Home / Publications / Sapin II law – Anti-corruption aspects

Sapin II law – Anti-corruption aspects

26/01/2017

One of the main contributions of France’s law no. 2016-1691, known as the “Sapin II” law for the promotion of transparency, combating corruption and the modernisation of the economy, involves new anticorruption measures designed to change the behaviour of companies based in France. This law, which was promulgated on 9 December 2016, was adopted after a lengthy parliamentary debate followed by a control of its constitutionality, which covered both the obligation of some companies to adopt an anticorruption programme and the institution of a protection system for whistleblowers. The Sapin II law is thus designed to equip France with effective anti-corruption programmes and measures, based on the Anglo-Saxon standards. It is intended to be a modern and functional system for preventing and combating corruption.

To begin with, the new law provides for the formation of an anticorruption agency in charge of the prevention and detection of acts of corruption in France. This new body will have broad advisory, inspection and investigation powers, which will tie in with the procedures implemented by private and public players to prevent corruption.

France’s Constitutional Council has approved most of the measures aimed at protecting whistleblowers and the procedure for reporting alerts, as well as the obligation to implement corruption prevention measures in large companies (decision 2016-741 DC of 8 December 2016).

Protection of whistleblowers

Chapter 2 (articles 6 to 15 of the Sapin II law) on the protection of whistleblowers lays down a foundation of common provisions applicable to any natural person who reveals or reports a crime, a misdemeanour or a serious and blatant violation of the law, of any regulations, of an international commitment or of a unilateral act of an international organisation accomplished on the basis of such a commitment. Threats or serious damage caused to the public interest may also be reported.

The Constitutional Council nevertheless laid down a proviso: that the system is limited to whistleblowers who issued an alert concerning the body that employs them or the body for which they work on a professional basis. Thus, the law does not apply to external whistleblowers.

Article 8, which institutes a procedure to be followed for reporting an alert, also requires companies with 50 or more employees to implement an appropriate procedure for gathering alerts raised by their permanent staff or ad-hoc external contractors, under conditions set by a decree of the Conseil d’Etat that has yet to be published. The date on which these provisions of the law are due to come into force will depend on the publication of this decree.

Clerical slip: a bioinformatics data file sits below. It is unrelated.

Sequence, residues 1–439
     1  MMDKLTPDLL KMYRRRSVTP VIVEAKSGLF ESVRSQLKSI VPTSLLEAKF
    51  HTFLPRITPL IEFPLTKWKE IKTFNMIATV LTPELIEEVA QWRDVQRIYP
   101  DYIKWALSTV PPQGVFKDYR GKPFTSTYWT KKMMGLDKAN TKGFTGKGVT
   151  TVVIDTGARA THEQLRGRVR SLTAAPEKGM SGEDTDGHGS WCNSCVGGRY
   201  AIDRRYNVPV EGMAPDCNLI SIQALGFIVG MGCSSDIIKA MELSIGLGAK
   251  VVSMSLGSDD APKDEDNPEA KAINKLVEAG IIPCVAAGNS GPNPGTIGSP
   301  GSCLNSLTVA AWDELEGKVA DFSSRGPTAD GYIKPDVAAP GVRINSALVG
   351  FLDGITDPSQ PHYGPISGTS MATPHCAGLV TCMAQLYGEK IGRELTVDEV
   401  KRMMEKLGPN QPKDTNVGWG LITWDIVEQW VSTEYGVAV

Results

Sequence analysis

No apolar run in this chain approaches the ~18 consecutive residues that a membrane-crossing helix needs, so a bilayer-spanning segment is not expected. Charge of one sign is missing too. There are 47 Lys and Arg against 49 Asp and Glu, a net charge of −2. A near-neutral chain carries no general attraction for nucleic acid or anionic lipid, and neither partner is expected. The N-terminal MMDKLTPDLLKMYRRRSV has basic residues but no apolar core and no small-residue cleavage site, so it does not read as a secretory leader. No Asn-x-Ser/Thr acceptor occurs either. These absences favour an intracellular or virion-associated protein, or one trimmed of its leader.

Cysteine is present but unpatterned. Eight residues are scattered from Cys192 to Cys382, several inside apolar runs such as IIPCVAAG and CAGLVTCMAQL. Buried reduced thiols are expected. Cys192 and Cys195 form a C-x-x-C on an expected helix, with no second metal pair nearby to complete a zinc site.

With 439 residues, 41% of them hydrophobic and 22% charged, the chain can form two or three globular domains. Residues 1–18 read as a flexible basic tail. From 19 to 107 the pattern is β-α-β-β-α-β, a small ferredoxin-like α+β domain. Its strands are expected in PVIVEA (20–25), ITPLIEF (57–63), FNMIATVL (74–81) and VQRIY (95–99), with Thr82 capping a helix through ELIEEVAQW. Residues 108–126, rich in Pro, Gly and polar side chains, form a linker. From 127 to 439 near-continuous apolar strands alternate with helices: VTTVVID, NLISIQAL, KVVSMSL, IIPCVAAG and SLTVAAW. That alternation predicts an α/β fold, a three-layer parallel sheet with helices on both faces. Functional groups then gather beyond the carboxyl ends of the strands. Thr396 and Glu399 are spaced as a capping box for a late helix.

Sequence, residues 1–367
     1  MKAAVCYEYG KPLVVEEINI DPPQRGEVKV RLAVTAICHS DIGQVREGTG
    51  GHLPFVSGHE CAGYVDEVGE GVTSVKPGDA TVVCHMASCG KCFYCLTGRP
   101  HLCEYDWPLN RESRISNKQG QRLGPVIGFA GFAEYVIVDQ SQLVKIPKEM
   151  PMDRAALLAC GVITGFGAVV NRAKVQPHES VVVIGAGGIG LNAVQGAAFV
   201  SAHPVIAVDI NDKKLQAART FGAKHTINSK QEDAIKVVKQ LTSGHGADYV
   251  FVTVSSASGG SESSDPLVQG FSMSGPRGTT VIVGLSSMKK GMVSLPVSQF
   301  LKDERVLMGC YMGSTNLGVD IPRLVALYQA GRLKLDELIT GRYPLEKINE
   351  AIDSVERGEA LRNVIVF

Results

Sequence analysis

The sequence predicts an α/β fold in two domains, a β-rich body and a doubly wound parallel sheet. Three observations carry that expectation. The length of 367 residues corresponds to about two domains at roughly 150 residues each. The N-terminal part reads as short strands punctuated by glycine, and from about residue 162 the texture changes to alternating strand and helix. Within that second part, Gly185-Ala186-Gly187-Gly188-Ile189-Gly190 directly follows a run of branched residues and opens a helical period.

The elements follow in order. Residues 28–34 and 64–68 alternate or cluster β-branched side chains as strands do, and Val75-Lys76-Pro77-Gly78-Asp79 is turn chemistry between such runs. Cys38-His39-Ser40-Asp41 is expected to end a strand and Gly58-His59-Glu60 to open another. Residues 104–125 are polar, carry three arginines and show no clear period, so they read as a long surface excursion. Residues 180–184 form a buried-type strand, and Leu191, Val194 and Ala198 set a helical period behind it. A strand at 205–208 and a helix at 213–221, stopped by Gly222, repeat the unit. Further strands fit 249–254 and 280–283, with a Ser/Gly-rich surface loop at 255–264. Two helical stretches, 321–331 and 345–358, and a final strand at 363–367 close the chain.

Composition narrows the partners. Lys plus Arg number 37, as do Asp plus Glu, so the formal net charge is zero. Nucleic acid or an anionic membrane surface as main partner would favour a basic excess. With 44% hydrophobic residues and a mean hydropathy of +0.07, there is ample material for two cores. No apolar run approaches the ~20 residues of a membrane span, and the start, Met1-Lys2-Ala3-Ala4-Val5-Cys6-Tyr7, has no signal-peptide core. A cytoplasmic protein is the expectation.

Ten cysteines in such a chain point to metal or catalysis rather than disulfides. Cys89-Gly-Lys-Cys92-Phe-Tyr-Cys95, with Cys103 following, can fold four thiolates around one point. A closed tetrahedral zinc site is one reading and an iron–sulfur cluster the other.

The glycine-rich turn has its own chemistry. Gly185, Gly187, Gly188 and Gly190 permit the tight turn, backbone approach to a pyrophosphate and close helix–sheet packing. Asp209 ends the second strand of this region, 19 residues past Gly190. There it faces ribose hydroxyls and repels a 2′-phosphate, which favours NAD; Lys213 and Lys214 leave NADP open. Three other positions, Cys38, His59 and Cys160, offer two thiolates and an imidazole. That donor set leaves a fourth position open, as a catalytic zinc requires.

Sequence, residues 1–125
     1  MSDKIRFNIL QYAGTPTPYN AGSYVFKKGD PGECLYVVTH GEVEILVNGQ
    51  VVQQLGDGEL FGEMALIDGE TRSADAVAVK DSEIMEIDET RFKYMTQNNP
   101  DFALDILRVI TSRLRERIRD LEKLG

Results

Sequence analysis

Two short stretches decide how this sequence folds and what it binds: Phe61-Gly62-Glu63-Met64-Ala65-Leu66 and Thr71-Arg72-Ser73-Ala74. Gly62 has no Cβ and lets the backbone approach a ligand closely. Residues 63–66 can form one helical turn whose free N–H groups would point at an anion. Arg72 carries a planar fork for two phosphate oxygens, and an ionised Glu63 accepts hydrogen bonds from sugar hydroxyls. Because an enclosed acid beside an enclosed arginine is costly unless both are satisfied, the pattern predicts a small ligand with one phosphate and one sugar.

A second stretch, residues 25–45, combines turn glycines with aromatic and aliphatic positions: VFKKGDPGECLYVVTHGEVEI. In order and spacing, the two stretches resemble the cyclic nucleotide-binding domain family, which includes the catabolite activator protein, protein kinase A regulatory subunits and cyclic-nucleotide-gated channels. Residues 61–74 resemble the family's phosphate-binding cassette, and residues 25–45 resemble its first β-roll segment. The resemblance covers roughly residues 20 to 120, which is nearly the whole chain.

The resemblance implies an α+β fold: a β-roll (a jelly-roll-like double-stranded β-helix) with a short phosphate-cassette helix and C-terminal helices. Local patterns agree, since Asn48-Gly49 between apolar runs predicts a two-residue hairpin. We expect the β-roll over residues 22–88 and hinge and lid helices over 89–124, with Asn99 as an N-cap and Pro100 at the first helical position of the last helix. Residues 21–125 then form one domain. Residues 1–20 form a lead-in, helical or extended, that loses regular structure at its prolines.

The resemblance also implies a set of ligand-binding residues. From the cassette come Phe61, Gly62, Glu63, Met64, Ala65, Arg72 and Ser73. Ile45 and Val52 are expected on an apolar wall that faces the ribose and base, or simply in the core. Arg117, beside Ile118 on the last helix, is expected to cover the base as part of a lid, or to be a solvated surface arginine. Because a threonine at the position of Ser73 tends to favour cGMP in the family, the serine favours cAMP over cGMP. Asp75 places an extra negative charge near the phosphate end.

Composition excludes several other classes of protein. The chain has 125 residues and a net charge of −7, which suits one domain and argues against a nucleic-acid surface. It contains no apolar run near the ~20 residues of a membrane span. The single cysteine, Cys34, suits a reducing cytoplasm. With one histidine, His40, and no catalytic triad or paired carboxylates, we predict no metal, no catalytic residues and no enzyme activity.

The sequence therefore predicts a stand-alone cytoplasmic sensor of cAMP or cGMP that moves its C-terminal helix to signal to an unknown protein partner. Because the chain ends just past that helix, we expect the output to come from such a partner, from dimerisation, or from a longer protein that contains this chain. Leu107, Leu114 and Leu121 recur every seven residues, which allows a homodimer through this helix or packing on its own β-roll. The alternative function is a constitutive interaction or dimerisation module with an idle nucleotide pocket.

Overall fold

Moreover, article 9 establishes a protective regime guaranteeing full confidentiality of the identity of the persons who raise the alert, the persons targeted by the alerts and the information that is gathered. Whistleblowers are also protected against reprisals by their employer (disciplinary procedure, dismissal, discriminatory measures, etc.).

Prevention of corruption within large companies

Article 17 of the law requires companies and groups of companies whose parent company has its registered office in France, and public bodies of an industrial and commercial nature with at least 500 employees and turnover of more than 100 million euros, to take measures designed to prevent and detect acts of corruption or influence peddling in France or abroad.

Companies that fall within the scope of the Sapin II law have a timescale of around five months, or until 1 June 2017, to implement the requisite processes.

France’s Constitutional Council has ruled on the extent of the scope of article 17 for groups of companies. The expression “groups of companies” must be understood as referring to a construct consisting of a company and its subsidiaries as per the meaning of this term in article L. 233-1 of France’s Commercial Code or a construct consisting of a company and the companies that it controls as per article L. 233-3 of the same code.

A series of eight measures must therefore be implemented very rapidly, namely:

  • a code of conduct that defines and illustrates the various types of behaviour to be prohibited;
  • an internal alert scheme designed to enable the gathering of alerts;
  • a map of potential corruption risks;
  • procedures for assessing the position of clients, leading suppliers and intermediaries;
  • internal or external audit procedures;
  • a system for training the employees who are most at risk;
  • a disciplinary procedure in the event of a violation of the company's code of conduct; and
  • a system for internal inspection and assessment of the measures implemented.

Under the new article 131-39-2 of France’s Criminal Code, an additional compliance punishment of up to five years may be meted out (corresponding to the obligation to implement a monitoring programme), in order to ensure the existence and the implementation of the measures defined in article 17 of the Sapin II law.

Finally, the financial sanctions that may be meted out have been bolstered and may now amount to up to 1 million euros in the case of legal entities (in the event of a violation of article 17 of the law) and even a fine of 30% of the average yearly turnover based on the last three years for which figures are available in case of signature of a public interest legal settlement, akin to a “deferred prosecution agreement” under US law, the first time this concept has been introduced in French law.

Authors

Picture of Stephanie de Giovanni
Stéphanie de Giovanni